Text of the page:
British boffins have developed wallpaper that blocks Wi-Fi traffic but still allows other wireless transmissions to pass through in a bid to prevent unauthorised access to sensitive data via the WLAN.
Developed by UK defence company BAE Systems, the wallpaper uses Frequency Selective Surface (FSS) sheeting, a material more commonly found slapped on military aircraft, naval vessels and radar antennae, New Scientist reports.
In this case, the FSS material is manufactured to absorb signals in the 2.4GHz and 5GHz frequency bands used by 802.11a, b and g equipment. Other frequencies, such as the 1800MHz band used by GSM networks, are not blocked.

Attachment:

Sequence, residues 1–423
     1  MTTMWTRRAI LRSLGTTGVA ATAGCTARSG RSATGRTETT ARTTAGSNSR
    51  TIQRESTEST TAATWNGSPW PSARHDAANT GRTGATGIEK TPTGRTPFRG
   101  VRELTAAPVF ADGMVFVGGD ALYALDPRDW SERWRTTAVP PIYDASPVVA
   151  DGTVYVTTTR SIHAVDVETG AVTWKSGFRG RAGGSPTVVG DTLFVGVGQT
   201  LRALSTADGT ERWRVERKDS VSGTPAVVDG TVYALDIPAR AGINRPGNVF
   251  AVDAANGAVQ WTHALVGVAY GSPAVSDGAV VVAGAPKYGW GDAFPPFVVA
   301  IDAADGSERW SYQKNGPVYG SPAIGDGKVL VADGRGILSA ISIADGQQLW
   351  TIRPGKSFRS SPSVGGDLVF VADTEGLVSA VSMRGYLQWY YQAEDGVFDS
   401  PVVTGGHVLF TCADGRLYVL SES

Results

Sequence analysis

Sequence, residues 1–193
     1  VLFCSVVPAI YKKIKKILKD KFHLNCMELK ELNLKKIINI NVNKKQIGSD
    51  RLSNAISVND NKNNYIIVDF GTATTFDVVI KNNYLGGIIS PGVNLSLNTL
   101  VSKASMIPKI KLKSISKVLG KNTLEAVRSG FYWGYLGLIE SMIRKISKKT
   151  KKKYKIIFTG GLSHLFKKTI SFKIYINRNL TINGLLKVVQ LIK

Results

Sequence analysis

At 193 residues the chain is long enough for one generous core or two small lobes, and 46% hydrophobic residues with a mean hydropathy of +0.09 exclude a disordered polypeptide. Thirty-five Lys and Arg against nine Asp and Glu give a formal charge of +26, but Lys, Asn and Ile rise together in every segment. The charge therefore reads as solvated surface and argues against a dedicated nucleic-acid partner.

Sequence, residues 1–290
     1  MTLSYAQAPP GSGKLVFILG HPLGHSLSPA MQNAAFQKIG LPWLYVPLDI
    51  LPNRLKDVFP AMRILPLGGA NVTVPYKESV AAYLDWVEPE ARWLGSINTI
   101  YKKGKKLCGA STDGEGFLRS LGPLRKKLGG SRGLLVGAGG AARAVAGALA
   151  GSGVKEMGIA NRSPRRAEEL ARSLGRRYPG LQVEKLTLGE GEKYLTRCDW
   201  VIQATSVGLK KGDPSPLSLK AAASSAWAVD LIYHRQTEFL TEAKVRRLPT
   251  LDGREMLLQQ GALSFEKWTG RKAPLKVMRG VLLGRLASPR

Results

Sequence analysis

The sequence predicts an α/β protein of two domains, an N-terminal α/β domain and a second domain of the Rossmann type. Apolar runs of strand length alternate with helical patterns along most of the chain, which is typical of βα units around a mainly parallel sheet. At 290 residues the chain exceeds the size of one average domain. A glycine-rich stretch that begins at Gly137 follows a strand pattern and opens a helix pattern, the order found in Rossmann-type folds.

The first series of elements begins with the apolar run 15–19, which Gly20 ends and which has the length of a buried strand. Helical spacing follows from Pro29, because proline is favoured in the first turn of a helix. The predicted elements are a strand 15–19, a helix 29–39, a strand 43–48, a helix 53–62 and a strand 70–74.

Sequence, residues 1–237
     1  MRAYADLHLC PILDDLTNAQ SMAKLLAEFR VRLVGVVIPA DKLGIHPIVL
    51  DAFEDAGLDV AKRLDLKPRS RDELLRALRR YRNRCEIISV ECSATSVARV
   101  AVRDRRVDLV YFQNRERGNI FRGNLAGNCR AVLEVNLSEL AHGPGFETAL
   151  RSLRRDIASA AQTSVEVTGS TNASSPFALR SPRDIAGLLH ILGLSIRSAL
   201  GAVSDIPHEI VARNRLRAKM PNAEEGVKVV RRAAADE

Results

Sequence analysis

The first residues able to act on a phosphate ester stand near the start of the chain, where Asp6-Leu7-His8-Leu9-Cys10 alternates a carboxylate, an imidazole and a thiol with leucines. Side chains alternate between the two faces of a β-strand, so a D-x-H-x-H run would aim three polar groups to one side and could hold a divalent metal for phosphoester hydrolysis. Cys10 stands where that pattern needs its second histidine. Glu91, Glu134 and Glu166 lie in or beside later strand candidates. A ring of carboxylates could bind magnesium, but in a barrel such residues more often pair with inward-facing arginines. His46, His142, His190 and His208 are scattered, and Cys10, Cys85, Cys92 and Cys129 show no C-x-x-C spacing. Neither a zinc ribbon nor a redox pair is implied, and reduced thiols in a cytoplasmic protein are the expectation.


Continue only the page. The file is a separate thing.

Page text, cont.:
FSS wallpaper isn't the only way of blocking electromagnetic transmissions, but it is the only solution that doesn't hinder every form of wireless communication. Firms employing the technology will still need to replace their windows with radio-absorbing glass.
By blocking WLAN coverage outside the building, BAE believes the wallpaper will prevent tapping into the network, particularly if the WLAN is left unsecured in order to provide guest access to a company's network. ®
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